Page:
Just re-reading previous posts, I see Terry suggested a valve to switch fuels mid run as it were which also seems a good way of measuring power. I wonder if the engine I have could be loaded up and then measurements of RPM be taken with one of those optical tacho's to get an indication of any changes this way. As long as the engine was loaded to hold the rpms below the max goverend speed I think this would be a sound test also. Now, how do I simply and cheaply fully load up a 6.5 HP engine?

I do have a couple of ways to measure exhaust temp. I believe this is significant on diesels but do not know why, Can anyone tell me what a higher or lower EGT means in relation to the power being produced?

yorta2
3rd July 2006, 09:53 PM
David, I had a one litre bottle of Glendale Acetone 99% W/W sitting in a cupboard under our kitchen sink that had been there for years - I am using that. I think acetone can be easily bought from hardware stores, such as Mitre 10 and Bunnings, and costs something like $10.00 per litre, but might be cheaper in bulk. (Not sure why I had this one, but probably for cleaning up an epoxy spill at some time - can't really remember.) At the rate I am using it, for my full 66 litre tank I only need about 104ml of acetone, so will get over 9 tanks with the litre. Not too expensive for experimentation. I would think that 99% is about as pure as I will get it. Good luck with your pump tests.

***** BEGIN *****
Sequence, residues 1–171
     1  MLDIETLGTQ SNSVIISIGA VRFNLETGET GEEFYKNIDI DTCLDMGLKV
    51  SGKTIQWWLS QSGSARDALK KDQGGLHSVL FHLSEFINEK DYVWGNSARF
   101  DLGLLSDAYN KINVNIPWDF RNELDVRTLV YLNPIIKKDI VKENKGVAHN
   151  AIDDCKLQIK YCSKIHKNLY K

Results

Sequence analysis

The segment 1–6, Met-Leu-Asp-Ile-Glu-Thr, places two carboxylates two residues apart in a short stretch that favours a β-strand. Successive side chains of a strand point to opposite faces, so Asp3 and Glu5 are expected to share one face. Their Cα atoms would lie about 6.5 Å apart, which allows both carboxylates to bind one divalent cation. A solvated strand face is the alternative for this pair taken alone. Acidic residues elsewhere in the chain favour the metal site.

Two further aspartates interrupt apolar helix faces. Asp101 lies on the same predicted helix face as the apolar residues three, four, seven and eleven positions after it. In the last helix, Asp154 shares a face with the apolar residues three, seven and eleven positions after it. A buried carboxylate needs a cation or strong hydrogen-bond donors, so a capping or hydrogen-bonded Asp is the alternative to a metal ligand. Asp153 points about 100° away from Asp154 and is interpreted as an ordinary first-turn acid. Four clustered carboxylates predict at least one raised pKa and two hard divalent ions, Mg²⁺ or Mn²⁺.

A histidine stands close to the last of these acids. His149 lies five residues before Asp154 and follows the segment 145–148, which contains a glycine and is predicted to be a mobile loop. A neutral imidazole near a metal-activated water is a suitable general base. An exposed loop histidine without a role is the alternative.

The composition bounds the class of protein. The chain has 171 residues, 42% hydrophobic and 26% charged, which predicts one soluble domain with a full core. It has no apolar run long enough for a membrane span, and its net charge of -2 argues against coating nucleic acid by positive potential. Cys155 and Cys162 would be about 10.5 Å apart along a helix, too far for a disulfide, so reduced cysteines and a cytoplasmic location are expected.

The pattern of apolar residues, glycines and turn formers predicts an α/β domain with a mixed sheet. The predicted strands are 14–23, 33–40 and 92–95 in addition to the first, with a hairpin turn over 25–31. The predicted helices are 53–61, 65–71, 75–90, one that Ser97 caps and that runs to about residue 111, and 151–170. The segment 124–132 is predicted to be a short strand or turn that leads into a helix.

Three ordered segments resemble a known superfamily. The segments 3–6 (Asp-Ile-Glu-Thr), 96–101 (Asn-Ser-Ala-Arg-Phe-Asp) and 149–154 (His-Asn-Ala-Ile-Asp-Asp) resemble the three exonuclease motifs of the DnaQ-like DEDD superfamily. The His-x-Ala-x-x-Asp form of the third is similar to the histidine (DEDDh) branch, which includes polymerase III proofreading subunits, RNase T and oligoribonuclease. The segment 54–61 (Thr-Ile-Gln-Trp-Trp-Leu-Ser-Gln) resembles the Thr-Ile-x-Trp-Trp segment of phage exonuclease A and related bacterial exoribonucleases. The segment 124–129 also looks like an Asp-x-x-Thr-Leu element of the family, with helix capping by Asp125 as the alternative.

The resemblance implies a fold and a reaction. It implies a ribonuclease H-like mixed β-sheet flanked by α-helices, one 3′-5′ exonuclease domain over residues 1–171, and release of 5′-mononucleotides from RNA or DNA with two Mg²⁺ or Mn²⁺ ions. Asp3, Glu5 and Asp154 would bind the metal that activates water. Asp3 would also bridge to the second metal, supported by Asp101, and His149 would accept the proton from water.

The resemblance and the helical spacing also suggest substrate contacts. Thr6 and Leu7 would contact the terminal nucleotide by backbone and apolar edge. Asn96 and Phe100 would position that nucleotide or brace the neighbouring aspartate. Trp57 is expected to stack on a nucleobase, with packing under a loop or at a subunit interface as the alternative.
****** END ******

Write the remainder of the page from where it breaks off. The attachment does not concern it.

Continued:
brobin
16th July 2006, 06:23 PM
While admitting I have no experience or knowledge to draw from, 60ml or acetone in 40L of diesel seems far too small a ratio to be of any effect at all. I know speedway racers used to use it ( and may still do) but it was in ratios of around 10% not .0015% as an additive to diesel fuel,
...well I HAVE used it in my 1993 Peugeot 405 SRDT..and it works quite well with mineral diesel. Better acceleration, smoother idling, higher torque, and a marked reduction in cabin engine noise. The ratio I use is 1.5 mL Acetone per litre of diesel.

My brother has also used it in his GXL Landcriuser with both petroleum diesel and Biodiesel. He gets the same sorts of improvements with BOTH fuels as I do on mineral diesel.

Have tried it on the wife's petrol car (2005 Hyundai Accent) with performence improvements noticed there too.